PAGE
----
Originally the Early English adjective “secular” applied to lay, as opposed to monastic, clergy; by the time of the French Revolution, it distinguished the non-religious from the religious. The noun “secularism”, coined in 1851, offered a solidified alternative to organised religion, which, over the next hundred years, promoted humanism, equality and political and sexual freedom. Or so it has, simplistically, seemed.
The sociologist Joan Wallach Scott is part of a new trend that aims to discredit this upbeat notion of secularism and dismantle “the myth of liberalism”. In the 19th century, “imperial powers pointed to the ‘barbaric’ mistreatment [of] ‘native’ women” so as to assert racial superiority and justify their “civilizing mission” in conquering Arab lands. And yet, says Scott, modern Western societies were “founded on gender inequality” – which persists. The current vaunting of Western female and gay rights is a veil for Islamophobia, and not even accurate. Female sexuality has been commandeered by consumer capitalism, which distracts us from economic and social inequality by focusing on licence, beautification and fashion.
Scott’s is a useful attempt to redress Western self-congratulation, but it subjects the West to uniquely purist standards. Herodotus’ claim that “each race of men…think that their own customs are by far the best” is evidenced in the religious and literary texts of all cultures, many of which, over the centuries, were dedicated to conquering and proselytising others. Britain and other European countries were simply more lastingly, recently and ruthlessly successful in doing so. Scott claims to espouse Michel Foucault’s “genealogical” approach, yet she is anachronistic, ahistorical and oddly absolutist in demanding from 19th-century Europeans moral attitudes that tally with her own. In any case, her anti-Enlightenment stance is itself a product of the anti-Eurocentric self-critiquing that Enlightenment thinkers, even if they failed properly to practise it, initiated.
Scott disparagingly quotes the German philosopher Jürgen Habermas: “The individual morality of conscience, human rights and democracy is the direct legacy of the Judaic ethic of justice and the Christian ethic of love.” That Christianity is now invoked as the ally, even source, of secularism is, she says, the Islamophobic equivalent of Cold War Soviet-bashing, since Islam is often seen as secularism’s non-rational, illiberal opponent. But a hundred years before the Cold War, Friedrich Nietzsche diagnosed liberalism as the wimpish offspring of Judaeo-Christian compassion and aligned Islam with the ruthless warriors he admired. Auguste Comte said, “Liberalism is Christianity more and more attenuated”. Who could deny the misogyny and oppression that Christians have perpetrated, but it is neither new nor unreasonable to argue that Christianity has humane roots, to which, its fangs now drawn, it has returned.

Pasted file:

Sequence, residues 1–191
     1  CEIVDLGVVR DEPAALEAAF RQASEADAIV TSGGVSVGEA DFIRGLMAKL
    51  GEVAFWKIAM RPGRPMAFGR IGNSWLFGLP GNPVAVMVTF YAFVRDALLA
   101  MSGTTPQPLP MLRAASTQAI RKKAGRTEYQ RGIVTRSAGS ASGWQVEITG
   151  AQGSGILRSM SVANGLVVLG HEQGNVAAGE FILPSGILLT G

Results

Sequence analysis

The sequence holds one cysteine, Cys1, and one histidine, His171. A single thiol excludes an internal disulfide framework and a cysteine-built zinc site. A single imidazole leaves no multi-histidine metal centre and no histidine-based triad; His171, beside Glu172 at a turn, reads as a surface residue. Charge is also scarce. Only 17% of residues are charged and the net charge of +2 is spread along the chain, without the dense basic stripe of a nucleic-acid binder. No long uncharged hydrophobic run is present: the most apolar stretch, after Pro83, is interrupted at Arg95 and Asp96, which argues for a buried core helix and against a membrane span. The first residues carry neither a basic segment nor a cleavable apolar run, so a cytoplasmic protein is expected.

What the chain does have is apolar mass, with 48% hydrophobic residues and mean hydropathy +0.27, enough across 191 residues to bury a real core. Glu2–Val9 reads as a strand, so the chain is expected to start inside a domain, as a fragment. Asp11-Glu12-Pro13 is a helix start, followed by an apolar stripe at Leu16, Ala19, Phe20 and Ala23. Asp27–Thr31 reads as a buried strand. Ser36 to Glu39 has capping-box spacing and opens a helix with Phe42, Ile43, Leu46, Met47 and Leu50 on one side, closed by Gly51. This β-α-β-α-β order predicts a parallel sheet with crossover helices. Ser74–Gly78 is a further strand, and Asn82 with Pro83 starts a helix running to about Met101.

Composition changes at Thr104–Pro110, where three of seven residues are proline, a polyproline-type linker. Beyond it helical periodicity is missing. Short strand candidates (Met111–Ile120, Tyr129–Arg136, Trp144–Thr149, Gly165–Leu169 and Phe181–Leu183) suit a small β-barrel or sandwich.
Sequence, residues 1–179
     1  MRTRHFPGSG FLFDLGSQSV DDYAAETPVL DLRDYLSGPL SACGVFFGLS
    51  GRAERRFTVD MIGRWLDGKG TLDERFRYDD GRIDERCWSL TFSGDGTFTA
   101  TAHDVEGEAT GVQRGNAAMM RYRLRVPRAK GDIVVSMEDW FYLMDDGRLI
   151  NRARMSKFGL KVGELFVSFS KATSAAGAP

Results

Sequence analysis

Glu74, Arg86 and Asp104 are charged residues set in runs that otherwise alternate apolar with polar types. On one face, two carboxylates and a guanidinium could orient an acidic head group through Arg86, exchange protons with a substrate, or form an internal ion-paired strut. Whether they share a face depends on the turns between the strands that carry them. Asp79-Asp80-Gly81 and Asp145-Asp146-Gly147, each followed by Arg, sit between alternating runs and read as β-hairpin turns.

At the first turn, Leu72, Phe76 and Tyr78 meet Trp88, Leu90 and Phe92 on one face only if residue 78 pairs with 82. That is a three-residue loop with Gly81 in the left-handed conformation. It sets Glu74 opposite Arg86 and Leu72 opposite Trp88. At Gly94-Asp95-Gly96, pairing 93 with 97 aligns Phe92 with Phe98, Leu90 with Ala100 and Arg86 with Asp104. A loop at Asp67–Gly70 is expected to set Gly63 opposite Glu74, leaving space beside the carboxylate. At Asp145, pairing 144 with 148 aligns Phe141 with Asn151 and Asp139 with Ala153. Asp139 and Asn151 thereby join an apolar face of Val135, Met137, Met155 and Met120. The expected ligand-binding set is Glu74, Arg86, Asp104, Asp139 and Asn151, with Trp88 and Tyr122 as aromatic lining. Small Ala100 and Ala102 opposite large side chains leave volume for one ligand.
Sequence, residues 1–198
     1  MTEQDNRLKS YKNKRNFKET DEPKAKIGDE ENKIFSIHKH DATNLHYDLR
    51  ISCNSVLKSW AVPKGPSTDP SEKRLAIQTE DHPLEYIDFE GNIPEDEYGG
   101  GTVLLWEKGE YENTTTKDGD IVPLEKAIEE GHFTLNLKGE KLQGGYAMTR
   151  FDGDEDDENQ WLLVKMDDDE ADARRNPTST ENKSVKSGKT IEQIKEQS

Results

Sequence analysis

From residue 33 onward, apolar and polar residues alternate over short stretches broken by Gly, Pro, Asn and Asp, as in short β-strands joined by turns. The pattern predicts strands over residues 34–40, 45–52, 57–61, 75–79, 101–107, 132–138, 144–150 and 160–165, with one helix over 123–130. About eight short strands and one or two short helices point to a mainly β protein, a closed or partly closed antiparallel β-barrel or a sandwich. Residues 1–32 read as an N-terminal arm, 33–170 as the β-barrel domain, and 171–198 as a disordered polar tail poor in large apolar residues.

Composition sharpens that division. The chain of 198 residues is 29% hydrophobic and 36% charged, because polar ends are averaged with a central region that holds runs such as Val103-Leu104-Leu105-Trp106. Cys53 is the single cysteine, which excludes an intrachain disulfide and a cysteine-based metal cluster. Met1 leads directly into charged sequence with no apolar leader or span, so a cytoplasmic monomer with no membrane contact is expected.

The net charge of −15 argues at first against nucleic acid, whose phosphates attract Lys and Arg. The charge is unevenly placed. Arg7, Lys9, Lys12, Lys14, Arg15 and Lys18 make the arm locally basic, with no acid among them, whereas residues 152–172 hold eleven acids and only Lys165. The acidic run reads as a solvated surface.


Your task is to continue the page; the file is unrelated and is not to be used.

It is indeed suspect that many right-wing people, never previously interested in feminism or gay rights, suddenly emerge as their advocates when discussing Islam. But Scott’s ad hominem argument often resembles the way people deflect criticism of Israel by claiming that such criticism is motivated by anti-Semitism. It sometimes is, but a critic’s motivation does not invalidate their criticism, nor should it be cited to defend the malpractices being criticised. When Scott says that unveiled women are “advertising their sexual availability” rather than “exercising their independent sexual agency”, is she claiming that capitulation to the male gaze is the only alternative to the hijab?
Jane O’Grady is a founder of the London School of Philosophy, and taught philosophy of psychology at City, University of London.
Sex and Secularism
By Joan Wallach Scott
Princeton University Press
ISBN 9780691160641 and 9781400888580 (e‑book)
Published 15 November 2017